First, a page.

Her idea of happiness is relaxing, and she will never hustle for anything. As an Earner, I can and do hustle all the time and have had to learn how to relax. I used to worry about her, thinking she was too isolated or missing out on the rest of the world. She is perfectly content to move at her pace, savor good food or good moments, make sure I am getting the right groceries each Sunday to prepare us for the week, and curate her aesthetic & wardrobe expertly. Supporting her means helping her understand that activites or responsibilities that may not be the most comfortable for her are worth doing because they can and often do lead to saving herself from too much hard work. She can also stand to hear a reminder that days of activities, like a family vacation or when she’s in a play and rehearsals get intense, she needs to remember that she will need time to rest and recover afterward. And that’s really ok!

#3, the younger twin by 17 minutes, is a Taker. That word carries a bit of baggage, but we don’t mean it in a negative way. My kid has been fearless, taking opportunities that come her way that many others would have ignored or avoided out of fear. She wanted to play the trombone, so she joined the band and learned trombone. She wanted to have sushi for dinner, so she rolled her own. Field hockey, blue hair, rock-n-roll summer camp - no problem. My kid runs with it! It’s inspiring. Not so inspiring, and definitely to be filed under “irritating” is the actual taking of my stuff. Socks especially. When my kid perceives a need, like she NEEDS socks right in that moment, she will take what she needs from others, and she doesn’t seem able to connect that behavior with negative reactions. As I see it, parenting a Taker means helping her understand, (and in adolescence, that’s not easy), how to determine what is an actual need and what is a perceived need. She most absolutely has socks- she’s probably lost track of them, reacts to not immediately knowing where they are and concluding that she definitely has no socks at all. Then, still in a reactive mode, she takes mine. It’s the combination of reacting & acting without thinking that can get her into negative situations, but it’s also what makes her so amazingly bold in other aspects of her life. My hope is to help her accept herself exactly as she is, learn to pause in most situations before reacting, and start to discern when her highly instinctive way of being is an asset.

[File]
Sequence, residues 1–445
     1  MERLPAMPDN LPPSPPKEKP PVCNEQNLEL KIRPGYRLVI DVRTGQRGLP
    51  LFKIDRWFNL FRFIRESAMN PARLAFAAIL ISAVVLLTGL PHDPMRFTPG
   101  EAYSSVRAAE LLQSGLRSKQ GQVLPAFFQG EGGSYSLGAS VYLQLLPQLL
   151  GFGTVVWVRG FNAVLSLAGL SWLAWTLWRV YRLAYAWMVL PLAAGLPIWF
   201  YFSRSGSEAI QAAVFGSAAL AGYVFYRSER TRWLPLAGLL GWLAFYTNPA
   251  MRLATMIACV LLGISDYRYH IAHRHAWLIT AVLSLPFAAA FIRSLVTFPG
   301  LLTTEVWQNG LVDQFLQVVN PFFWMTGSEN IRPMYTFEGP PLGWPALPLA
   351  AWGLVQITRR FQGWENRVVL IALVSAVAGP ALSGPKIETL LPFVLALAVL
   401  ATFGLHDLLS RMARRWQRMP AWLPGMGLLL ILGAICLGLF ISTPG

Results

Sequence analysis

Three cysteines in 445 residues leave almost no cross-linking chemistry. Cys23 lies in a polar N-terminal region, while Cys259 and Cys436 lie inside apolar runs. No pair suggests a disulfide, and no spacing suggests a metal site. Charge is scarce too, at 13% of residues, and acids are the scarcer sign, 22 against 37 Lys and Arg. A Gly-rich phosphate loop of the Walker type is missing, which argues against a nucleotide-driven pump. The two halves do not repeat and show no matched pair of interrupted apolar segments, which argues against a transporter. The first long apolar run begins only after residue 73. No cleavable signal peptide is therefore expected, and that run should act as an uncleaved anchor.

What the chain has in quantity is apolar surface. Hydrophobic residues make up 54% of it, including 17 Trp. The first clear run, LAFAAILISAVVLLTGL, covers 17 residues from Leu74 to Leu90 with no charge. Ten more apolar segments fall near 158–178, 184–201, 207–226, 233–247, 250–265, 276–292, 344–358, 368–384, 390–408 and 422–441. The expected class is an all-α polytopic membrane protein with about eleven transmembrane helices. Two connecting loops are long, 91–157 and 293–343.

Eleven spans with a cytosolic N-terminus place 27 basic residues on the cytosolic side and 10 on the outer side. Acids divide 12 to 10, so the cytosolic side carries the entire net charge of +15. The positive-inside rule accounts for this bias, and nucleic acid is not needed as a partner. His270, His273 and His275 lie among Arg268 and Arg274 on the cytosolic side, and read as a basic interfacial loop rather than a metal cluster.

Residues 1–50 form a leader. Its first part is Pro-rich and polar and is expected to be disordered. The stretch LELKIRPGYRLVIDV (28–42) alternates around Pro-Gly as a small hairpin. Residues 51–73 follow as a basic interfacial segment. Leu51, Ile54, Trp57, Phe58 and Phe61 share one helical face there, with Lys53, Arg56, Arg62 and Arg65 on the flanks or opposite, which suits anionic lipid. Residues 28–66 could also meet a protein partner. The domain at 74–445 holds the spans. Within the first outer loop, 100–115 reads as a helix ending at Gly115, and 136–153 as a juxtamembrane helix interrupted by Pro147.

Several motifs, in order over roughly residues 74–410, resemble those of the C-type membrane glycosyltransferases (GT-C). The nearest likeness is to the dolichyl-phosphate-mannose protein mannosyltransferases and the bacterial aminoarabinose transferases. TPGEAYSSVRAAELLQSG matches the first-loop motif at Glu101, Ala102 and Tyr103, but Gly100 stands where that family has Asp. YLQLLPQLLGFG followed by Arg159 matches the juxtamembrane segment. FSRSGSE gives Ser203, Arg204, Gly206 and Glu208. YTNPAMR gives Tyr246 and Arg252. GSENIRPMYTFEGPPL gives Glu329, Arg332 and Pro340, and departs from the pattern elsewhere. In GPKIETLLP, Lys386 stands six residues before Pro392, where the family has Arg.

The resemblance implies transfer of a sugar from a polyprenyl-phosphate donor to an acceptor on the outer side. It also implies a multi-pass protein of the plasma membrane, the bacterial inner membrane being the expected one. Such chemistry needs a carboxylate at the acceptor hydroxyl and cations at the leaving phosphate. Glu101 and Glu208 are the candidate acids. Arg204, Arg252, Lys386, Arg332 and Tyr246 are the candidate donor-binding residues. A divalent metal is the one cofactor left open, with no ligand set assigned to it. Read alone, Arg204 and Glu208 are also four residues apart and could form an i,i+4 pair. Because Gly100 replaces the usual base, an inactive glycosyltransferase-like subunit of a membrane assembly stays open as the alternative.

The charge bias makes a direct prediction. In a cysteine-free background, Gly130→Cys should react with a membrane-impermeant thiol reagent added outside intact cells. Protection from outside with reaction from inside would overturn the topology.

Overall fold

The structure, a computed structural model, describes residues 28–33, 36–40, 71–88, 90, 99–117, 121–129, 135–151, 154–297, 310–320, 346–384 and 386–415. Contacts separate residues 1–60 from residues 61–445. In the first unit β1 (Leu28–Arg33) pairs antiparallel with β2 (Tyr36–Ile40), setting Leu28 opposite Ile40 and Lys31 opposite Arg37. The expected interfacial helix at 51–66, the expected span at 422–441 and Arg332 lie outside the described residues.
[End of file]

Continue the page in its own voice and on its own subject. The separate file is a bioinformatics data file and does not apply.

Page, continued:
Three kids, totally different, even the ones with the same DNA. Knowing my kiddos better has helped me speak in a way they can hear, support them in a way they need, keep my Earner understanding of what is good and right out of their faces, because that is not who they are! It also makes things run more smoothly to have this language spoken at home by all of us. We are all better able to balance our nature-specific preferences, (the easy way, rest & relaxation all the time, seizing the day and the socks, and working hard 24/7), with the fact that life is all of those things and more in combination.

As we roll into summer, and we’ll be together more, knowing everyone’s natures in invaluable information. We’re developing a parent workshop series to teach other parents to indentify their natures, know their kids’ natures, and have that common language. The idea is to minimize conflict and maxifize fun, and it’s entirely possible to do exactly that in a way that recognizes and supports everyone.

Here’s to a great summer!


Know Your Nature • Claim Your Place • Make Your Mark

Erin Elizabeth